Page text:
Heizkörper mit Thermostat, illuminiert, Heizkosten

Brandenburg’s government of SPD, CDU and Greens is arguing about how to deal with impending energy shortages in winter and rising energy prices. Finance Minister Katrin Lange (SPD) contradicts the latest energy saving advice from her cabinet colleague Ursula Nonnemacher (Greens).

“Shower and dressing tips are not appropriate,” Lange told the Tagesspiegel. “The priority must be to prevent an emergency from occurring in the first place. That is the job of politics.” That is where the federal government comes into play.

“Prices cannot continue as they have been, nor should there be supply restrictions – because that would mean scenarios that we only knew from developing countries before,” said Lange.Nonnemacher, also Minister for Social Affairs, had called for energy saving, using a personal example . “When Russia invaded Ukraine, we immediately turned the heating down again and lowered the hot water temperatures,” she said. “Full baths are completely out of fashion here.”

She also takes a quick shower – “but not because we can’t afford it, but because we as Greens see a clear mandate there for everyone to do their utmost to save energy.” possible cracks and corners” pulled, was insulated.

She called for “challenging standards, but with a social eye.” Means? “It’s reasonable to have an apartment where you don’t walk around in a T-shirt in December. Older fellow citizens also got to know other realities there.”

Lange, on the other hand, has to think of Thilo Sarrazin with such statements, who recommended “warm sweaters” against rising heating costs – and got a shitstorm. “Now what is needed is no longer a pleasant policy of renunciation, but more sensible energy policy,” said Lange. “To do this, all options must be on the table. There shouldn’t be any taboos.”

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What that means? According to his own statements, Lange would be in favor of “allowing nuclear power plants to run a little longer in Germany.” This position, which is represented by the heads of government Markus Söder (Bavaria, CSU) and Michael Kretschmer (Saxony, CDU), has been taken by Brandenburg’s Prime Minister Dietmar Woidke ( SPD) recently strictly rejected.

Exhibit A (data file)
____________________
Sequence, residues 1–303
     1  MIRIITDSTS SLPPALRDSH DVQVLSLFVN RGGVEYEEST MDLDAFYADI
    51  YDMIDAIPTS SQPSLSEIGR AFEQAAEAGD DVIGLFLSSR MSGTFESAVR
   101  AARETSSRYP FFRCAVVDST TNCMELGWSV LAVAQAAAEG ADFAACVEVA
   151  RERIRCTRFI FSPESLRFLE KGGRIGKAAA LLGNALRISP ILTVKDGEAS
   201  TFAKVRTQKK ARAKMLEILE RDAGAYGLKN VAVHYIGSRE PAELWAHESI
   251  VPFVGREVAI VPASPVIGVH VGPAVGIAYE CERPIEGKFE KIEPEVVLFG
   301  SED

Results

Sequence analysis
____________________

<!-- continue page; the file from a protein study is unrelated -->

Woidke, Lange and SPD Economics Minister Jörg Steinbach agree that two blocks of the Jänschwalde lignite-fired power plant operated by the energy company LEAG should go back into operation. “Both blocks have to be connected to the grid again, and as quickly as possible,” said Lange. “We need the lignite power.”

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But the Energy Security Act passed by the Bundestag last week is not sufficient to allow these blocks to be ramped up. The federal government states that an “exemption permit” can be granted by the state. The Ministry of the Environment under Minister Axel Vogel (Greens) is responsible for this.

According to the house, LEAG has not yet submitted an application for an exception. This is politically sensitive for the Greens, since Jänschwalde is one of the power plants with the highest carbon dioxide emissions in Europe. It is also striking that not only Nonnemacher, but also SPD Minister Steinbach is trying to get the population in the mood for hardship.

“There will be personal restrictions that will still be felt in the coming year. It would be wrong to raise other hopes,” said Steinbach in a MAZ interview.

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The left opposition accuses the Woidke government of inaction. From Nonnemacher and Steinbach came “only truisms, precocious recommendations and warm words,” said parliamentary group leader Sebastian Walter. “But these will not heat an apartment.”

With her shower recommendation, Social Affairs Minister Nonnemacher only proves one thing, namely “how far away she is from the reality of many people in Brandenburg.” Specifically, the left calls for a hardship protection umbrella for those affected based on the Berlin model – so far in vain.